Did everyone get a Darren O'Day T-shirt last night?
In case you missed out, it says "O'DAYYY O'DAY O'DAY O'DAY".
If that song is now stuck in your head, my work here is done.
Orioles manager Buck Showalter said he didn't know about the T-shirt giveaway and asked what was written on it.
"At some point this year I might be singing that song, I hope," he said.
If I'm O'Day's agent, I'd do a wicked karaoke number with it during the next contract talks.
The Orioles hold a $4.25 million option on O'Day's contract for 2015. It includes a $400,000 buyout.
Sounds extravagant for a non-closer, but O'Day has been O'mazing. The guy's numbers are just sick. To me, he's worth every penny.
O'Day lowered his ERA to 0.92 last night with a scoreless ninth. He's allowed one earned run in his last 26 appearances covering 29 innings, with eight walks and 36 strikeouts. He hasn't permitted a run in his last 11 outings.
O'myyy O'my O'my O'my.
I was surprised when the Orioles gave O'Day the two-year deal back on Feb. 18, 2013, which guaranteed him $5.8 million including the buyout. They covered his remaining years of arbitration.
I figured they would settle that winter before going to a hearing, but a two-year deal? Not sure that many people would have predicted it.
(Side note: I was sitting at the Liberatore's bar in Eldersburg when I learned via a source that the two sides were close to an extension. I tweeted it, grabbed my laptop out of my trunk and blogged it. So the actual agreement, which his agency announced the next day, wasn't a surprise. But finding out they were nearing a two-year deal while sitting at a bar was the shocker. Me being at a bar? Probably not so shocking. But they have food, too.)
O'Day, who had previously earned Super Two status, filed for $3.2 million that winter, and the Orioles countered at $1.8 million.
Instead of splitting the difference, they worked out a two-year deal.
O'Day, 31, went 7-1 with a 2.28 ERA in 69 appearances in 2012, his first season with the Orioles, and pitched in five of the playoff games, allowing only one hit in seven scoreless innings.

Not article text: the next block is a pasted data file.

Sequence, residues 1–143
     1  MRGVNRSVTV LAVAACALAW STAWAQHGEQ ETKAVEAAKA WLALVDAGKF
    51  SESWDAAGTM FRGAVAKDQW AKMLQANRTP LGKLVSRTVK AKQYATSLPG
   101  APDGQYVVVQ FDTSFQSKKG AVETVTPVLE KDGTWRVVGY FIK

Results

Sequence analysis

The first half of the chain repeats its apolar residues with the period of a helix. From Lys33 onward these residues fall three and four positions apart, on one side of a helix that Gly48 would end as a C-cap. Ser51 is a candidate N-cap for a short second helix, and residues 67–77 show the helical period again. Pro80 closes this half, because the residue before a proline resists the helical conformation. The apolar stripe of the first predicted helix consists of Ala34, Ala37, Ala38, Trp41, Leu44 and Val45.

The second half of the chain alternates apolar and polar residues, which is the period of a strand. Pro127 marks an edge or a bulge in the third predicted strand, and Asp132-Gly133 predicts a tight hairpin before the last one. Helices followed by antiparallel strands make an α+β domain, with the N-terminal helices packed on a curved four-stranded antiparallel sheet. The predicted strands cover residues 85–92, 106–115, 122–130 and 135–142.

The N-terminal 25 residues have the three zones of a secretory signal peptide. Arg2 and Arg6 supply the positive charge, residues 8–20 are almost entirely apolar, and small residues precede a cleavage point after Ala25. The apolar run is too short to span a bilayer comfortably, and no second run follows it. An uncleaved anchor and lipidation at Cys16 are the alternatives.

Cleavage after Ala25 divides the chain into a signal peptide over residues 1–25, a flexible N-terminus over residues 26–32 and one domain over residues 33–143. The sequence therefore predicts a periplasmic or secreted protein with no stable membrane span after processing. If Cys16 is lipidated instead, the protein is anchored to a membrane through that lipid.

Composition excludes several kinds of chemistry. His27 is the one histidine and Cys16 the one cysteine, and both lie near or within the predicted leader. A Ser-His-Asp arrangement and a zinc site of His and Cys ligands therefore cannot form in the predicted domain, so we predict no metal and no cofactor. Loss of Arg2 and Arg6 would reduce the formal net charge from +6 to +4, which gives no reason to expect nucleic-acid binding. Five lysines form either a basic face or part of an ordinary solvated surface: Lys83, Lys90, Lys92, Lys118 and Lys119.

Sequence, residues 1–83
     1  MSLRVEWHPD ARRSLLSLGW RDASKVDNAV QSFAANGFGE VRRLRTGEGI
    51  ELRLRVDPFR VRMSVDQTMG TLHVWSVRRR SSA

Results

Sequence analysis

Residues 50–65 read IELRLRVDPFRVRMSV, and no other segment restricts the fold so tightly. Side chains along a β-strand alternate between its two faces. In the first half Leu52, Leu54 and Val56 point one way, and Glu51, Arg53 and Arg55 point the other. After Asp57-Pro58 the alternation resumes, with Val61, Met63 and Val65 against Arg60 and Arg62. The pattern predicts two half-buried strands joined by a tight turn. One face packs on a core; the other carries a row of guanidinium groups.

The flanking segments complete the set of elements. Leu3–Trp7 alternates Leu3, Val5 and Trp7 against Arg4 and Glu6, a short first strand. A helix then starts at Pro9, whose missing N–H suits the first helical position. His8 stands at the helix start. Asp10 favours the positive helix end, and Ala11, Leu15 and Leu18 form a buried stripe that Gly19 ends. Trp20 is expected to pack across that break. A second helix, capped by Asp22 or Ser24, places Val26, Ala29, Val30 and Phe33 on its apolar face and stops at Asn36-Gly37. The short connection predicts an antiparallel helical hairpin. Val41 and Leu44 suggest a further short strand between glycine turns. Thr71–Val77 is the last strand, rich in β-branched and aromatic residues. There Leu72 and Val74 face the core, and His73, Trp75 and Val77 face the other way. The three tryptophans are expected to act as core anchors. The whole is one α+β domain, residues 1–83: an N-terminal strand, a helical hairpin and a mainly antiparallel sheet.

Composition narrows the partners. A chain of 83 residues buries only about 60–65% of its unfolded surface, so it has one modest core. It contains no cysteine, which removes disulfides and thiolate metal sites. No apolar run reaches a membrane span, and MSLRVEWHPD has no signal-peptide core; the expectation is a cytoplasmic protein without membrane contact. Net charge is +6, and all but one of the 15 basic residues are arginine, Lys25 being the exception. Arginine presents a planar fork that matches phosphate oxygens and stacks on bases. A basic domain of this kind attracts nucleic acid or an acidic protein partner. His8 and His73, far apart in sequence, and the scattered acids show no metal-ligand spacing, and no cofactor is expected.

Reporters would approach O'Day at his locker after each game, an ice pack strapped to his right shoulder, and ask whether he was available the following night.
"Of course," he'd reply. "It's the playoffs."
The O'Day story begins with the Orioles selecting him off waivers from the Rangers on Nov. 2, 2011. They were in between the Andy MacPhail and Dan Duquette regimes, and Showalter jokes that he made the deal during the three days that he spent as general manager.
Talk about getting a hefty return on your investment. O'Day made $1.35 million in 2012 and he's even better this season while earning $3.2 million.
"If you just throw a blanket over all the relief pitchers, you can make a case for there's nobody in baseball having a better year out of the bullpen than Darren O'Day," Showalter said. "This year it's been left, right, switch-hitters. I doesn't matter. Darren's just been solid. You get your ERA under one with those amount of appearances, you're not sneaking up on anybody.
"They all know what he features, they all know what he's trying to do. When something is expected of you and you can still deliver it and when everybody knows what you're going to do and you still do it and are still successful at it, that's pretty impressive. That's hard to do up here because there are no secrets. And Darren's not 24 emerging on the scene and everybody's trying to figure him out.
"Darren throws a few wrinkles in there to reinvent a few things along the way to keep them guessing. He's not your sterile guy down there."
His pitching lines are usually clean, in large part because left-handers are batting .182 against him this season, compared to .309 last year. Right-handers are hitting .175.
Would you pick up his option this winter or let him test free agency?
The answer for me is an easy one. I don't need a three-minute review to come up with the right answer.